organization, that I can only say.

Q. And a model of organization because no opposition to the
government or the Party was allowed, was it?

A. Certainly, it made it easier on one hand, and on the
other hand led to terrible catastrophes about which, of
course, I only heard here for the first time.

Q. Very good, well, the letter speaks for itself, and I will
proceed. May I just ask you about this last sentence: "That
you, Police President, will contribute your weighty share to
keeping the Czechs at it and to not let them perk up."

What did you mean by that?

                                                  [Page 394]

A. Since he was Police President in Bruenn, it was his task
to see that quiet and order were maintained in Bruenn and
not to tolerate a Czech uprising while we were at war. That
is a matter of course. I did not say that he was to murder
or Germanise the Czechs at all, but he had to keep them in

Q. Very good. I pass from that now and I want to go to the
various campaigns in the West. Now, with regard to Norway,
of course you knew that your country had given its solemn
word repeatedly to respect the integrity of Norway and
Denmark, did you not?

A. I said yesterday, with reference to the two declarations
of ....

Q. Please answer my question, it is such a simple one.

A. Yes, I believe, I recalled that at the time. I am quite

Q. Very good; and we know there was an assurance at the
beginning of the war to reassure all these Western neutrals,
and there was another assurance on the 6th of October, and
you say that in November Hitler decided to invade Denmark
and Norway?

A. Yes. I testified to that at length yesterday.

Q. I know you did. Please do not always say that. I have got
to ask you to go over the same ground from the other angle,
you see. "Norway," as your speech said - and I am quoting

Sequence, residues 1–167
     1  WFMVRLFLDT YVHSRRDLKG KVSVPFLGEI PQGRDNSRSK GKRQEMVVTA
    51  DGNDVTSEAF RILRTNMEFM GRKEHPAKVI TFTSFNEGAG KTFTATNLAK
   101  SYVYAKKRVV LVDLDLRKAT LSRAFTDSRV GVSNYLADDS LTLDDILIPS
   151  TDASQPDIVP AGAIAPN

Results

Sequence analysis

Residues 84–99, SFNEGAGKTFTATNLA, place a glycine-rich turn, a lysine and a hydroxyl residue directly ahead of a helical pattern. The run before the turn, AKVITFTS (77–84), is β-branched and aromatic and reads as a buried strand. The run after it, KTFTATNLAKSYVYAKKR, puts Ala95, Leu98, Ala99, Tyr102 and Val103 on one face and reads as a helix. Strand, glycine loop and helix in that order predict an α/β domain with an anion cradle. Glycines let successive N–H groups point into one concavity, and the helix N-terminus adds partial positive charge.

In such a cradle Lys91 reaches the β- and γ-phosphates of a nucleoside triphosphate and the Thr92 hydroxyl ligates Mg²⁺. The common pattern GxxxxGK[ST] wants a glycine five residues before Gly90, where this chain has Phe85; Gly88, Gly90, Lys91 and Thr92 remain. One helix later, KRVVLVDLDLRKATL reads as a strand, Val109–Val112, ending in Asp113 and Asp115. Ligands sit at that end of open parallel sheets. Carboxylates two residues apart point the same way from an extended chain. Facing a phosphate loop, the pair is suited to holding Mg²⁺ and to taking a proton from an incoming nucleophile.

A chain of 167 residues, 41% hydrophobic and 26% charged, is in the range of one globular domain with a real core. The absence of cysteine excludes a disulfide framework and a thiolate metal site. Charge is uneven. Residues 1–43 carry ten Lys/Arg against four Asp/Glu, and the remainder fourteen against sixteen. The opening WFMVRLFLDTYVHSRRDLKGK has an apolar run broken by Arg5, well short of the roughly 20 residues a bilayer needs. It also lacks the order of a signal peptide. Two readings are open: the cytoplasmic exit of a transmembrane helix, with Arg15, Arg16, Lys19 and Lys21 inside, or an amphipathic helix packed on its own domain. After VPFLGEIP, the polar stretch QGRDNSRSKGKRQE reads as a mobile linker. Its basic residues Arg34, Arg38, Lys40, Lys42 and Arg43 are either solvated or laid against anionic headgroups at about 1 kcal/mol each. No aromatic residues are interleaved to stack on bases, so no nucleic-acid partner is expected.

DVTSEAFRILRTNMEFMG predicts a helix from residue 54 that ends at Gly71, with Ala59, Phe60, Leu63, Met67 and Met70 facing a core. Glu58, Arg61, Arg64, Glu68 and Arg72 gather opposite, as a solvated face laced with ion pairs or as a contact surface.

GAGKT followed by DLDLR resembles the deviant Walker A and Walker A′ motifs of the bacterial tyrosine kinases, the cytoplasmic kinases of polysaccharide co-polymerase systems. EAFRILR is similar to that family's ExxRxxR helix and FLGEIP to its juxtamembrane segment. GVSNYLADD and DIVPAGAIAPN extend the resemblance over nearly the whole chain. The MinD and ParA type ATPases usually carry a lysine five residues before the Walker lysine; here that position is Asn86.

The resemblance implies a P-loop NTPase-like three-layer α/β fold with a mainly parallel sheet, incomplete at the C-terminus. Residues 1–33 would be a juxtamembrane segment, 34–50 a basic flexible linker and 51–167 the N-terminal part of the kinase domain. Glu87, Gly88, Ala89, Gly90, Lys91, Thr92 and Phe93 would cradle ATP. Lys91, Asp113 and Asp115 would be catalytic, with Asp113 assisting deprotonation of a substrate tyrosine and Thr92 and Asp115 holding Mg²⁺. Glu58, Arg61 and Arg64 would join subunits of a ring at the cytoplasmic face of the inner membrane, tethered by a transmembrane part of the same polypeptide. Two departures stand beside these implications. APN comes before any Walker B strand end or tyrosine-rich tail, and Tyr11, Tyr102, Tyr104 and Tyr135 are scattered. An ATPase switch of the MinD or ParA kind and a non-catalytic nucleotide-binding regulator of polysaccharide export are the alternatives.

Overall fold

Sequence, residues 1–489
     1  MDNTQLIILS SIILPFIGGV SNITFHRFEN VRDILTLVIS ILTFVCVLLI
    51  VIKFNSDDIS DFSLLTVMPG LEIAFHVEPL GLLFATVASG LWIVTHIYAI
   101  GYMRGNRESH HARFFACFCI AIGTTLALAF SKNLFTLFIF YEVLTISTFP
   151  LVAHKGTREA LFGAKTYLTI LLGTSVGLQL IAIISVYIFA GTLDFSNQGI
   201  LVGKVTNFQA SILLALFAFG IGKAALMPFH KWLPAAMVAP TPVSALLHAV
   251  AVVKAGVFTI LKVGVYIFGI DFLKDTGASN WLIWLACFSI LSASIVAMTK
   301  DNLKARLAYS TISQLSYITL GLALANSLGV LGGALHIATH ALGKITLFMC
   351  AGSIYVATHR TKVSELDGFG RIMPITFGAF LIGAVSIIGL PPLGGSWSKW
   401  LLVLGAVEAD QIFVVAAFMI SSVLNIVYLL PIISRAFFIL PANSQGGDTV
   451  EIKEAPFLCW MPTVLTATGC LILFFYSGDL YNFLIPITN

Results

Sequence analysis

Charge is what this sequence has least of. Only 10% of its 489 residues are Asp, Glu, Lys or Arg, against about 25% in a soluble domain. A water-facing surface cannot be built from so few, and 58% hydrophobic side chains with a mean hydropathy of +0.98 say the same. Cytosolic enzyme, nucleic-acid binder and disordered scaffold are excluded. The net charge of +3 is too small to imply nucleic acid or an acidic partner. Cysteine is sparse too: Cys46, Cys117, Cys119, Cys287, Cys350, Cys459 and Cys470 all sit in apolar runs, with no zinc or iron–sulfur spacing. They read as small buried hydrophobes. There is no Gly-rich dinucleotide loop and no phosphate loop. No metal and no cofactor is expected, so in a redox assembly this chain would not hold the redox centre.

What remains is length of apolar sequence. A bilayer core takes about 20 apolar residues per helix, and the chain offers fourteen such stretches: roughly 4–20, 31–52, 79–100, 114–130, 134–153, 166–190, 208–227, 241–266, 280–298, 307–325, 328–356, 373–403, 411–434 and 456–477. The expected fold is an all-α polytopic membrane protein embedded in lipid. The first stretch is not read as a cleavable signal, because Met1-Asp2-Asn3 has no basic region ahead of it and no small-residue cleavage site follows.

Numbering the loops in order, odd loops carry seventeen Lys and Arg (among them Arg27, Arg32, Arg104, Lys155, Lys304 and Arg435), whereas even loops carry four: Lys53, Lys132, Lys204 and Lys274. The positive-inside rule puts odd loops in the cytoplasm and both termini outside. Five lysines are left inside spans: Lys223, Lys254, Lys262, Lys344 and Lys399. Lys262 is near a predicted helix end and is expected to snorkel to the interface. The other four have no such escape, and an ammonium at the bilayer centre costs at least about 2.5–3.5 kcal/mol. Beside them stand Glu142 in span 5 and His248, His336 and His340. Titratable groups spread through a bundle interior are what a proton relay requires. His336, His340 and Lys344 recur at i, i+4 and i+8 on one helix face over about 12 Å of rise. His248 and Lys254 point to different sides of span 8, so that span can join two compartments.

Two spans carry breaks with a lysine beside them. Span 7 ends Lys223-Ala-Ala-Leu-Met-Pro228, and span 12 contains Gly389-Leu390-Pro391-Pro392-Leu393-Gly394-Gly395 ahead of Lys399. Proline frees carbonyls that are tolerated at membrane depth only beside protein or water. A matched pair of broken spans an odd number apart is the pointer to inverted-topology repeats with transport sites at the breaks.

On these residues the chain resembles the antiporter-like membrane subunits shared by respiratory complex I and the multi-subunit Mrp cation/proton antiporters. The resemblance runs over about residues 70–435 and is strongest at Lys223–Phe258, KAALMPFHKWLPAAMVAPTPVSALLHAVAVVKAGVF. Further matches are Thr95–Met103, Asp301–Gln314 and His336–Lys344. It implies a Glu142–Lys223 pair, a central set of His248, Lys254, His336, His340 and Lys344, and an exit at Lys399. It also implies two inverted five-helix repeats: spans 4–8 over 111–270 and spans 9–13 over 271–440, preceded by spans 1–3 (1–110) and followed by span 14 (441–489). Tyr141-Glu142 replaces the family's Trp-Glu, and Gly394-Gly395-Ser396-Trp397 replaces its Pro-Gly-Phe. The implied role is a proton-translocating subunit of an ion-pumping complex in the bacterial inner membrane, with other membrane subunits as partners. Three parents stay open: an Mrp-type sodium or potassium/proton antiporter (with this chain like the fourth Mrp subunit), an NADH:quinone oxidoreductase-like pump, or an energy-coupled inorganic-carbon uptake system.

from Page 291 of Book; - perhaps you had better give it to
him - Page 11 of your notes ....

MR. ROBERTS: It is in the middle, my Lord, under paragraph

  "Q. In the meantime, we were confronted by a problem: the
  occupation of Norway and Denmark. In the first place,
  there was danger that England would seize Scandinavia and
  thereby, besides effecting a strategic encirclement from
  the North, would stop the import of iron and nickel which
  was of such importance to us for war purposes. Secondly,
  it was with the realization of our own maritime
  necessities - 'Notwendigkeiten' " - that is the word, is
  it not - 'Notwendigkeiten'"?

MR. ROBERTS: My Lord, that ought to be "necessary" and not
"imperative." "Erforderten" is the German word.


  Q. " - which made it necessary for us to secure free
  access to the Atlantic by a number of air and naval

You wanted air bases and U-boat bases, did you not?

A. Militarily they were tremendously important to us, there
is no doubt about that, and the necessity for taking them
was based on the reports which we had of the threat to

Q. What I suggest to you, you see, is this: As in the case
of the other three low countries, so in this case, you
simply made an excuse. You thought England might do
something, although she had not done it for months, and you
violated Norway's neutrality at your own chosen time. Is
that right?

A. In order to answer that question, yes or no, one would
have to undertake a very thorough study of all the
historical documents on both our own and the other side.
Then one can say if it is correct or not. Before that has
been decided, only a subjective opinion exists. I have mine,
and you have another.